It is more than just being skilled at cross-examination ? not asking the "question too far" that wrecks your client's case. Mr Vos is making a broader point about the way in which an advocate conducts a case.
Take the example of the opening speech ? either to the jury, in a criminal case, or to the judge. "You can either do it in a rambling, unstructured way that's impossible to understand, or you can identify a way of explaining it to somebody who is less well-informed than you are by using your legal knowledge, your intellect and your ability to explain an issue clearly," he says.
"That is a great skill, believe me. If you are telling a story about a series of events ? it may be a contractual dispute or a burglary or a murder ? you can either tell it in a way that is completely clear, leaving the listener thinking it is obvious what has happened, or you can tell it in such a way that the listener does not know what issues they have to decide.
"If you do it in the former way, you leave the decision-maker with a far easier and quicker task, and the case is likely to be far more justly resolved."
Fine, but how do you do it?
"Having been doing this for many years, my experience leads me to believe this is quite simple," he says with a wry smile. "You normally start at the beginning, go through to the middle and end at the end."
More helpfully, he explains that the biggest skill is knowing what to leave out. "You need to identify the real issues. What bad advocates do ? and one sees this occasionally, particularly sitting as a deputy judge ? is to allow themselves to go down by-ways. For example, they allow their clients to say, 'The most important thing in this case is x'."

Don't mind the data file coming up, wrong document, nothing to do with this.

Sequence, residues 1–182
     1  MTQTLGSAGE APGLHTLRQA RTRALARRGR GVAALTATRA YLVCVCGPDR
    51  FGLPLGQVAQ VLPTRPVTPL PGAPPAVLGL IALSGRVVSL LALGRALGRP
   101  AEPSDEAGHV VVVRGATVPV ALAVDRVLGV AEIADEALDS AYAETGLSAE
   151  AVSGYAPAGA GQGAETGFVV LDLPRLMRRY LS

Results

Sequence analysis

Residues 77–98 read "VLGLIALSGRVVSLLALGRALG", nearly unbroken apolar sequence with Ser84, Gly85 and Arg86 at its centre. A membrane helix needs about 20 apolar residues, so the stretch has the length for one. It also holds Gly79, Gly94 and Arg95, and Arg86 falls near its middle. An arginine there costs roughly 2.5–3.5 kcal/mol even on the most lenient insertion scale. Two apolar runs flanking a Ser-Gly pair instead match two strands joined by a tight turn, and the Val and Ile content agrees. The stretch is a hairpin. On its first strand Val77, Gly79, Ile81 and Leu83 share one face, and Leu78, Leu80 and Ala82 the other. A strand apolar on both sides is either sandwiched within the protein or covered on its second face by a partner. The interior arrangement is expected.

Generally, he explains, the client is motivated by some completely extraneous reason, such as a dislike of the person involved. "But the advocate needs to bring independent judgment to the presentation of the facts and the law."
The new chairman's demand for high standards ? and similar remarks in November by Ruth Evans, who heads the Bar's new independent regulator ? will make uncomfortable reading for those barristers who simply wish that the Bar Council would go away and let them get on with the job their clients pay them to do.
But those days are gone. The public are entitled to have confidence in the way barristers are regulated, Mr Vos says. And barristers "simply cannot survive as a profession" unless the Bar Council takes the lead in driving up quality.
This affects the Bar's claim for legal aid fees ? "because you have no right to claim proper remuneration for publicly-funded work unless you can demonstrate that you are providing the highest quality service".
It also affects recruitment to the profession ? "because the purpose of ensuring access to the profession for people of all backgrounds is to ensure that you get the highest quality applicants into the profession".
And it affects the conduct of cases themselves, with quality advocacy leading to more efficient trials.
Can Mr Vos deliver? He makes it all sound so easy. But he is, of course, a very good advocate.